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be, focus much more on discussing the broad strategic approaches, the relationship of diplomacy to the strategic approaches. the question of time lines and what it takes to give diplomacy a chance and what are the indicators that it's either working or it's not working. that was always going to be in my mind what the thrust of this was. i do think coming out of this, the two sides in fact are closely aligned but then again i felt they were largely closely aligned even before. a lot of the noise that you're hearing is designed to again create a motivation to ensure that the kind of crippling sanctions that need to be applied are in fact applied and then get it implemented. could i just add one other point just going back on the earlier discussion. we both gave you an answer that made it very clear that context would have a big impact on the effectiveness of the use of force. that doesn't mean that if you use force the iranians aren't going to retaliate.
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they will retaliate. for them not to retaliate, they would reveal themselves as boeing a complete paper tiger not only to the outside but also to the inside. so they will resale ate. the questio retail great. what will hezbollah do. if assad is in fact going to disappear from the scene and syria has been the main conduit for weapons and it's not that syrians are a conduty conduit, s regime has provided a good deal of went rea to hezbollah. if they know their recent source of supply is in doubt, does hezbollah make a decision they go all out when rashes ask them to go out against the israelis. if you're israel you have to awe suit worst buawe -- assume the . sure there will be retaliation. rashes will do it against israel. they will push hezbollah to do it as well. they will go after soft jeushz targets around the world. one should assume remark is not
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going to be quiescent. that really needs to be part of the consideration. >> rose: if iran strikes israel, we're brought into it immediatel are we not. >> i think it depends. you know, the fact of the matter is, i think from an israeli standpoint, if they make a decision to do this on their own, they're not going to want to do it on their own and then immediately have to turn to us. that's not what's going to guide them here. again go back to the notion of the israelis having a sense we fight our own battles. we supply when it's necessary is one thing but bringing us into it is quite a different thing. >> rose: jeffrey. >> i differ with dennis a little bit on the consequential nature of the meeting. you know, it's not consequential in the sense that obama acquiesced to netanyahu or vice versa. i think it's consequential it's recalibrated their relationship
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a little bit. they've had some really bad meetings. you remember the lecture in the oval office. and i think, you know, while of course these are two leaders of two countries, they're not going to completely trust each other about anything. that's not the nature of the way this works. but i think that they've built some trust up and i think they both see themselves, see each other as in a slightly different light now and i think there's much better communication. one of the most remarkable things over this last period is the constant traffic between israel and washington. not a week went by without somehow level delegation going in one direction or the other. and this high level of communication is something that's changed and it's what paved the way for what i think is a consequential meeting, consequential because it's been so far at least it seems so different in sort of that they've got the ability to talk to each other. one of the most amazing things and this is where in my interview with the president he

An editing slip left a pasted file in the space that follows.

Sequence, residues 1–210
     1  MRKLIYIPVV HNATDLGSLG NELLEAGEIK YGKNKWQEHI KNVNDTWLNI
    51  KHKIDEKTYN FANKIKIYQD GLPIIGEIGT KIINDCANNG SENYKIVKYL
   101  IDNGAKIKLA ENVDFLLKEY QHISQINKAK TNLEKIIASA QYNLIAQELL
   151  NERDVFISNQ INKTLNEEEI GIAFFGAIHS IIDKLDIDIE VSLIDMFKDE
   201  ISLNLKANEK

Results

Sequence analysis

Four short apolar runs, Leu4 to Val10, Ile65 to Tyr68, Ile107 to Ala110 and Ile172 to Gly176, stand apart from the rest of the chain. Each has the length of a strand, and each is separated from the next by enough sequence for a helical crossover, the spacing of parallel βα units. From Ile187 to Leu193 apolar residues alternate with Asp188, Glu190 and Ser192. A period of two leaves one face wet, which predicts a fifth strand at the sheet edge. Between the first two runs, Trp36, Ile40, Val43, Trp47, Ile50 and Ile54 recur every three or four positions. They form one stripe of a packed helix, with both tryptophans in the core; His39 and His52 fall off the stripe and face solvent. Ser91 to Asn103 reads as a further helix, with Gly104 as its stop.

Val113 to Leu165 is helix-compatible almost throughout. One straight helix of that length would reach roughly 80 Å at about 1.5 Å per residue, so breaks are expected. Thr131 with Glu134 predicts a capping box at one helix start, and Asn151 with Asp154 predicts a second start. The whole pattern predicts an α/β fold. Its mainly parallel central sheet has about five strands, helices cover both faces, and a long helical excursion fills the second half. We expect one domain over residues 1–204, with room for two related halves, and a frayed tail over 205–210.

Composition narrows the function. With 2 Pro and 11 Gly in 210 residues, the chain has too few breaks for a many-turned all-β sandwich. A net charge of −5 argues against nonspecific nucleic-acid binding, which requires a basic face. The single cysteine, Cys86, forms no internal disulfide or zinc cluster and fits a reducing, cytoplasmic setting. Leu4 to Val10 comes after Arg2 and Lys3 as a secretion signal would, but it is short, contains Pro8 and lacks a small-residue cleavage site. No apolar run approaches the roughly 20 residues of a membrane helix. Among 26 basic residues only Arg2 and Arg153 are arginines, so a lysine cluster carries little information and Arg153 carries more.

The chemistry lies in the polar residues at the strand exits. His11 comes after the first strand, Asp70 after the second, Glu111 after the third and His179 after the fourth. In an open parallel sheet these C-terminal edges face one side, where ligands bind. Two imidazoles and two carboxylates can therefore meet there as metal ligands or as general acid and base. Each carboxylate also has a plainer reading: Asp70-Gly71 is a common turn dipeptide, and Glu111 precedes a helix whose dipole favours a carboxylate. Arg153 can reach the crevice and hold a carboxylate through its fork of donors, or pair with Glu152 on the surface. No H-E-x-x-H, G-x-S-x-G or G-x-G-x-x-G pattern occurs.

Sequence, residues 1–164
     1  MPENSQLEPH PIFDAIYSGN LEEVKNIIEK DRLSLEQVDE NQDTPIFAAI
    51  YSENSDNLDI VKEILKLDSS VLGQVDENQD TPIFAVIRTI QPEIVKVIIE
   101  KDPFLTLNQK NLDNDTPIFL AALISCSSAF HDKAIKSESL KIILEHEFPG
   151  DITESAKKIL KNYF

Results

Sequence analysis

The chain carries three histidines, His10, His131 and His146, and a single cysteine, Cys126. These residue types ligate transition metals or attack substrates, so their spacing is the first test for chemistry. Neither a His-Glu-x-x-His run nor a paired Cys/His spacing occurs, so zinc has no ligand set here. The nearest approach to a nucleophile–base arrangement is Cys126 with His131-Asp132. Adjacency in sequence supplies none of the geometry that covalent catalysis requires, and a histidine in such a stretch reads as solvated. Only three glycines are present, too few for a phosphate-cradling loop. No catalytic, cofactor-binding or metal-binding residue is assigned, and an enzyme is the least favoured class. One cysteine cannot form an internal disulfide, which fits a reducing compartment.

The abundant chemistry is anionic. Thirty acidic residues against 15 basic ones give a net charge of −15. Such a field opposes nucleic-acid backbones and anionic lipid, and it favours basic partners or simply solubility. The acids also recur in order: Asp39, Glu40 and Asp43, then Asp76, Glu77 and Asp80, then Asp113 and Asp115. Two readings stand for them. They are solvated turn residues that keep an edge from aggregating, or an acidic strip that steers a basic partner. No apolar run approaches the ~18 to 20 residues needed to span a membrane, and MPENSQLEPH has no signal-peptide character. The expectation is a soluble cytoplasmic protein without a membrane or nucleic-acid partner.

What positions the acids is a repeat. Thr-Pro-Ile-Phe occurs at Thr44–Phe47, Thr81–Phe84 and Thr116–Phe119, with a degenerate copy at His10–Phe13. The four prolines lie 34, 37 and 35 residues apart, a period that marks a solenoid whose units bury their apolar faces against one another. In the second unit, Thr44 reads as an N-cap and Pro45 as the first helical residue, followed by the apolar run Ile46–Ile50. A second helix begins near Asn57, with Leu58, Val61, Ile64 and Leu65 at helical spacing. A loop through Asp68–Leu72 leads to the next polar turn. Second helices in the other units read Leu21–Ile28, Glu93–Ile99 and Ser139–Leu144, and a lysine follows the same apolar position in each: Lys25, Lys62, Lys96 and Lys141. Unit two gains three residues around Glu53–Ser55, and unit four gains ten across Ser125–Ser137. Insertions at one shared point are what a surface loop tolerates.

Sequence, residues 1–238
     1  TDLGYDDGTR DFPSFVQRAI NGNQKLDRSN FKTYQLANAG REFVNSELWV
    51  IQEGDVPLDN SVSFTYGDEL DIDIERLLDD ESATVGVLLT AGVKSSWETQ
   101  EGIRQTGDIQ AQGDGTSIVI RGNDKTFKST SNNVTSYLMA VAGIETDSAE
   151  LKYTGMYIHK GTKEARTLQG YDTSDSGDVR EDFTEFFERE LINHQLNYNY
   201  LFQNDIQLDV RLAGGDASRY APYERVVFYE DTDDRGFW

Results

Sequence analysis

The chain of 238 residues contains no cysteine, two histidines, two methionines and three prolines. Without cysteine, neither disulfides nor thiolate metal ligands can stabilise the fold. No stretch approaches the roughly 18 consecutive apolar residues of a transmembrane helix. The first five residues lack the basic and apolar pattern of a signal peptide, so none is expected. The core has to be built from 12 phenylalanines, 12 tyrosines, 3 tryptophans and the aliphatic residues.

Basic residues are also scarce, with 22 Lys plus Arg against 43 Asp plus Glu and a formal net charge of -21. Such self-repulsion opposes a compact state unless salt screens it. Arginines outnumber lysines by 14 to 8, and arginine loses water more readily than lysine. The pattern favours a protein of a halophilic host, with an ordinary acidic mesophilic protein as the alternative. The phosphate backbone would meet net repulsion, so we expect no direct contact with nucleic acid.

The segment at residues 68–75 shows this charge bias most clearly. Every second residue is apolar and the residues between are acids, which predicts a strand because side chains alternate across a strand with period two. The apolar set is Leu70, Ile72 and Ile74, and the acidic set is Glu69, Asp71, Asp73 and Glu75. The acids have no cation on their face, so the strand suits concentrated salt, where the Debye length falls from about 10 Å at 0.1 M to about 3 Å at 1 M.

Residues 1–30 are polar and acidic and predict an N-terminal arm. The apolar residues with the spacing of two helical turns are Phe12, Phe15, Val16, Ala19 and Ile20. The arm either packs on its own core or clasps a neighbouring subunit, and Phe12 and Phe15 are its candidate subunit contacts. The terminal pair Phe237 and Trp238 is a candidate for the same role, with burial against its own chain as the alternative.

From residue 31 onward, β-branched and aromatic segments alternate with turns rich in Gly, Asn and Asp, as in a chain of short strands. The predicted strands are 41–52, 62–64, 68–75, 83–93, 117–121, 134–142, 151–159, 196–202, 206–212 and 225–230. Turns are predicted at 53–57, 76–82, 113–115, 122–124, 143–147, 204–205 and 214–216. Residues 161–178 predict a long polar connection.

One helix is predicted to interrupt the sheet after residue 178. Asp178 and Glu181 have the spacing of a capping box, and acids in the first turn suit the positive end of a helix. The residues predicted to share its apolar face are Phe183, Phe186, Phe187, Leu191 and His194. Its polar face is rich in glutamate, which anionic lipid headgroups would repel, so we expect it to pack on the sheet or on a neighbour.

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was more animated and more frustrated. he did this at the -- this is a guy who has stood up for israel. an objective analysis at the united nations, about the report, the floatilla, the egypt embassy. i think after a while even benjamin netanyahu who might be closer in outlook to sheldon adelson than a lot of pea many. i think netanyahu is short of finally observing this guy obama actually has done quite a bit for israel in the last three years. >> rose: do you agree with that dennis. >> i do but i would even take it a stitch further. a step further. there's a conventional wisdom about their relationship. but when the chips are down is how you measure whether someone can be counted on and whether it's a reflection whether or not it's trusted. when the floatilla took place the first person the prime minister called was the president of the united states and they talked a couple times 2459d day. when the statistic israelis were
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trapped in the embassy in cairo and there was a profound fear of a lynching taking place, the first person the prime minister of israel called was the fred o- president of the united states. if this is someone you don't think you can count you don't place those calls. he placed those calls because when the chips are down he assumed he would be there. >> rose: do the consequence for what happens depend on what is in netanyahu's brain and his sense of his place in history and the survival of israel. that's what will guide him. >> i think there's a lot of truth to that. this is a big decision for him in either direction he goes. but again i would just remind you of one important fact. all along, and this is true under his tenure as prime minister as well as prior to it, israel has always wanted this to be the world against iran not israel against iran. and. success ultimately the policy from the israeli standpoint will be what can be done to ensure that this program is